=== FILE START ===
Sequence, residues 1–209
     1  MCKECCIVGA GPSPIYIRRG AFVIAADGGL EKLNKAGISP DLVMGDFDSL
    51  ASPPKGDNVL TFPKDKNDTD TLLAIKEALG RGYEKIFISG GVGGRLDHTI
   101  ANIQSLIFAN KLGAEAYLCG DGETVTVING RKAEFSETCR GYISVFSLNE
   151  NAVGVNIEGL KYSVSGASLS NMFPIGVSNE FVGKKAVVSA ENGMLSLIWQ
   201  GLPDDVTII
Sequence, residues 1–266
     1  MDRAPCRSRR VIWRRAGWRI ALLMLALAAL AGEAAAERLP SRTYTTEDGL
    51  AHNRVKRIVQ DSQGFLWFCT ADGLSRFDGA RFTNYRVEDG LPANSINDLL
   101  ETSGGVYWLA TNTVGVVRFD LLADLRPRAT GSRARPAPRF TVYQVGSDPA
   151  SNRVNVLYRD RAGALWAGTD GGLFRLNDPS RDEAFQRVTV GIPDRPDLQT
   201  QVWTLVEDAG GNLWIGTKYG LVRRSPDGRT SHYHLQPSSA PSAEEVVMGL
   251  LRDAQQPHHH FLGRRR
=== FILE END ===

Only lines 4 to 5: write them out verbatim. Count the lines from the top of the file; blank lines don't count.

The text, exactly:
   101  ANIQSLIFAN KLGAEAYLCG DGETVTVING RKAEFSETCR GYISVFSLNE
   151  NAVGVNIEGL KYSVSGASLS NMFPIGVSNE FVGKKAVVSA ENGMLSLIWQ